Severe weather made its way into the High Plains and Midwest Monday with powerful straight-line winds and tornadoes sweeping across that part of the country, causing significant damage to a town in northeastern Illinois.
According to NOAA’s Storm Prediction Center, there were 12 reports of tornadoes in the High Plains and Midwest Monday. Storm survey teams with the National Weather Service will assess the damage today and determine if those reported tornadoes were actually twisters, or if the damage was caused by straight-line winds.
A long-lived squall line known as a derecho tripped across a swath from South Dakota to Wisconsin Monday morning, leaving behind a path of destruction that also included northern Iowa and parts of Southern Minnesota. A second round of thunderstorms began in the afternoon and evening hours across parts of Missouri, Iowa, Illinois and Michigan, brining several reports of tornadoes.
The destruction was clear in Coal City, Illinois, by the time the sun rose Tuesday morning. Pieces of homes were strewn about, and trees obtained heavy damage.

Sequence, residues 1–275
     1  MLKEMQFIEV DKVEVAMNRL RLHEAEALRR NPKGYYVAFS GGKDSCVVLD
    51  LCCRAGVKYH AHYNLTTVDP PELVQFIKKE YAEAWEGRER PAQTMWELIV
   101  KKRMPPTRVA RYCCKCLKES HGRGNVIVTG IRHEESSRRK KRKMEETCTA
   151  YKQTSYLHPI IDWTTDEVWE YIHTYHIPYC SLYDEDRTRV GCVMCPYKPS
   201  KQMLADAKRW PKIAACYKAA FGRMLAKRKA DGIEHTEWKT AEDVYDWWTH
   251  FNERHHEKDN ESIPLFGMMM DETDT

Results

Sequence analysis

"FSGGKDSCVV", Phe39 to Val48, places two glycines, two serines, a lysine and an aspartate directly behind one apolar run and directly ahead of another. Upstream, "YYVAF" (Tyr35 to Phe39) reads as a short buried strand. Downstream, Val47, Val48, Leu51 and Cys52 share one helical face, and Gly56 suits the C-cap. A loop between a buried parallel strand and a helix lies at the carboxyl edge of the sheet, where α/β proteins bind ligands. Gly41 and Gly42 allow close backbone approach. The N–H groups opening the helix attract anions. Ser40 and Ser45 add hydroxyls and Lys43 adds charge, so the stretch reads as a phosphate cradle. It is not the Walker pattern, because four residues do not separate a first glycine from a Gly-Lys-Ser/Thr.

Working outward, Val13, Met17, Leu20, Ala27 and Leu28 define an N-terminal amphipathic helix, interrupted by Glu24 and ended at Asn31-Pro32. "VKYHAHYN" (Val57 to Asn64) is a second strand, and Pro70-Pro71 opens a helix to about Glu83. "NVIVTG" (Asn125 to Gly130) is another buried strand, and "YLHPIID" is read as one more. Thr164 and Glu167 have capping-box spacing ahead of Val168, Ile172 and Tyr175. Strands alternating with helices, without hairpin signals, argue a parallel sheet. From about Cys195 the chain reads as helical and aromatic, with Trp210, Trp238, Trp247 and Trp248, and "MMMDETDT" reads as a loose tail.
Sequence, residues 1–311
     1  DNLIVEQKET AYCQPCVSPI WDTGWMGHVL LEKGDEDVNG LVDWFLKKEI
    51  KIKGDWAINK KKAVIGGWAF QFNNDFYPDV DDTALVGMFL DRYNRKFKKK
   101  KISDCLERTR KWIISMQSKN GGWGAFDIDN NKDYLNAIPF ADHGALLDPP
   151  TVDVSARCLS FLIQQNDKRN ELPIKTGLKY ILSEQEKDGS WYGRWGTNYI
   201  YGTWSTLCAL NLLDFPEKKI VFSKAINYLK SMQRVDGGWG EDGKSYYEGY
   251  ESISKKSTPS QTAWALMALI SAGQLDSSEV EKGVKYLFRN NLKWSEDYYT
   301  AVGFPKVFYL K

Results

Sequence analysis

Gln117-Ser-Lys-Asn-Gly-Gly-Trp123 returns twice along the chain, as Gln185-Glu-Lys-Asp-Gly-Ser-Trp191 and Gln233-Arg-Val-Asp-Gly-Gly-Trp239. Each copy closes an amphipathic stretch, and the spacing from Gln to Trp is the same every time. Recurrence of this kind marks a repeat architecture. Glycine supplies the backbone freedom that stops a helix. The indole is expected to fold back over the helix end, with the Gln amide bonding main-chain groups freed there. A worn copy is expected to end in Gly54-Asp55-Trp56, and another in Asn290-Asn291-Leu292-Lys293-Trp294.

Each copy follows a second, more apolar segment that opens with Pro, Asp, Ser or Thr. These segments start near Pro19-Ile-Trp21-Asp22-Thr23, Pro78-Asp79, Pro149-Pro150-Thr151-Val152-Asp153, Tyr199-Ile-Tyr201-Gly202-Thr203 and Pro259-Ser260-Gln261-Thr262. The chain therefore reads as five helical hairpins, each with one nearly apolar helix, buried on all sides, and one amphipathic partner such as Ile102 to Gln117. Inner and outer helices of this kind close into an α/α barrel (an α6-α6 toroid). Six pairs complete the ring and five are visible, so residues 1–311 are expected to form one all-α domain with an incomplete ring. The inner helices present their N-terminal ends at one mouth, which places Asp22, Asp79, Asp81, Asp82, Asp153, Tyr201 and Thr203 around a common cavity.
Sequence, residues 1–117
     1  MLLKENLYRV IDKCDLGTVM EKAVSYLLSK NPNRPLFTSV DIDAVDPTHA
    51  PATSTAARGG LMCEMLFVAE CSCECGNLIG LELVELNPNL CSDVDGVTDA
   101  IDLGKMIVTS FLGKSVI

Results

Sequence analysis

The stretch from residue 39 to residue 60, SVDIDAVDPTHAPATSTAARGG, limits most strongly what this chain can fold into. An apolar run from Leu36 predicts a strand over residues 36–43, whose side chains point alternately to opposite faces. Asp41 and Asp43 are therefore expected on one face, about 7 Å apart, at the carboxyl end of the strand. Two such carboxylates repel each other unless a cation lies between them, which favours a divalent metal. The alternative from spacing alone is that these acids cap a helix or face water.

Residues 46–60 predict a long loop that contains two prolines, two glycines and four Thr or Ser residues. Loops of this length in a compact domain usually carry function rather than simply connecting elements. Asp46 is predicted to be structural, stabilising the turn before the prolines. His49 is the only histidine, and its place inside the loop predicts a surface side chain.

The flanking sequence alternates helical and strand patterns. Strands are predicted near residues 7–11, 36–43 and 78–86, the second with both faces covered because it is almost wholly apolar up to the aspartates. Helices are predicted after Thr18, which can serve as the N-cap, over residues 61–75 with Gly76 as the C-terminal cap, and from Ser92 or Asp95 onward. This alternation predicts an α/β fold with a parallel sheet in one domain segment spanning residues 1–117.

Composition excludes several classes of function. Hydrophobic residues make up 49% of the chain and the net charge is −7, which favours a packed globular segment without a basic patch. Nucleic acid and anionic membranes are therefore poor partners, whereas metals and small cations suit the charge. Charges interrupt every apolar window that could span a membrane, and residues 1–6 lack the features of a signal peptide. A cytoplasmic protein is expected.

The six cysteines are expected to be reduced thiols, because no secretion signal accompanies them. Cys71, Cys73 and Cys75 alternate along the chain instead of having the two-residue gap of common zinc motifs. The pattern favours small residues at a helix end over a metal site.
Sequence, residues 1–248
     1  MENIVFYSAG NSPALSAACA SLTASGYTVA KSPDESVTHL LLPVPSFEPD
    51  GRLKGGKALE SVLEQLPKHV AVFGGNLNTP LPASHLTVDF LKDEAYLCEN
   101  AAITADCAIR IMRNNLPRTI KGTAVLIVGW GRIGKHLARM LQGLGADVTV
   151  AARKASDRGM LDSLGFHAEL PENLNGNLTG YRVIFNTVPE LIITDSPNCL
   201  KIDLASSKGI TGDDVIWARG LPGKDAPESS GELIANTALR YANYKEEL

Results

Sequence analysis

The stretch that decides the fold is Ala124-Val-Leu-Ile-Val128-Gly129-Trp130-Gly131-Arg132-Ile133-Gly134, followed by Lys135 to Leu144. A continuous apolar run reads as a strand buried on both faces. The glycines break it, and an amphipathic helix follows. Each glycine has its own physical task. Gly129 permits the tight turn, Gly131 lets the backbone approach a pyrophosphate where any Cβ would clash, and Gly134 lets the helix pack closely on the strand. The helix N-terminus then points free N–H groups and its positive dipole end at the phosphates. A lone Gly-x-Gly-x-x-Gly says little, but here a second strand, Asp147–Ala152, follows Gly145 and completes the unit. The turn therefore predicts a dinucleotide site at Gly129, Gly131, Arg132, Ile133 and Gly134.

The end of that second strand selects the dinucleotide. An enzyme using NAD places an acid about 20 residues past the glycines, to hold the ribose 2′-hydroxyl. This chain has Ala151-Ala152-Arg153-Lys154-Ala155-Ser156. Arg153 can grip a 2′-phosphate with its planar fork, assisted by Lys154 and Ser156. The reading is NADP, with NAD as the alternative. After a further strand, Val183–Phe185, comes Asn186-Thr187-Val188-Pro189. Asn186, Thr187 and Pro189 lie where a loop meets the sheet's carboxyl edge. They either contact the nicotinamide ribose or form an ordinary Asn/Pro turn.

Emergency crews worked overnight to free residents trapped in their damaged homes after the storms passed, and told outsiders to stay out of town due to the dangers from downed power lines and other inherent hazards. The twister made its way through the middle of the town, which has a population of about 5,500 people.
“Houses that were once are just not there anymore,” Coal City Police Sgt. Tom Logan told ABC News. He also told the Weather Channel that five injuries had been reported, though none were life threatening.
The National Weather Service surveyed the damaged and determined the tornado was at least an EF2 in strength, Weather.com reported.
Coal City was damaged by an EF2 tornado on November 17, 2013, when another set of tornado outbreaks ran rampant in the Midwest.